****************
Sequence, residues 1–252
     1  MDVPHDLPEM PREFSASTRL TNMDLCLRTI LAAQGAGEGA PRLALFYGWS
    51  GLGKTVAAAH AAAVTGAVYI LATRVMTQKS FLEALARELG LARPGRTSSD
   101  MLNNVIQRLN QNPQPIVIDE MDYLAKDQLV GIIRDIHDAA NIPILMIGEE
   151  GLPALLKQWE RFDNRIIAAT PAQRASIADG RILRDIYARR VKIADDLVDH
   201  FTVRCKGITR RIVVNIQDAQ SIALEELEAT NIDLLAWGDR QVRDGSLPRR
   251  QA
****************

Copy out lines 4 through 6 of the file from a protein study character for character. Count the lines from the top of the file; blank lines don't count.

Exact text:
   101  MLNNVIQRLN QNPQPIVIDE MDYLAKDQLV GIIRDIHDAA NIPILMIGEE
   151  GLPALLKQWE RFDNRIIAAT PAQRASIADG RILRDIYARR VKIADDLVDH
   201  FTVRCKGITR RIVVNIQDAQ SIALEELEAT NIDLLAWGDR QVRDGSLPRR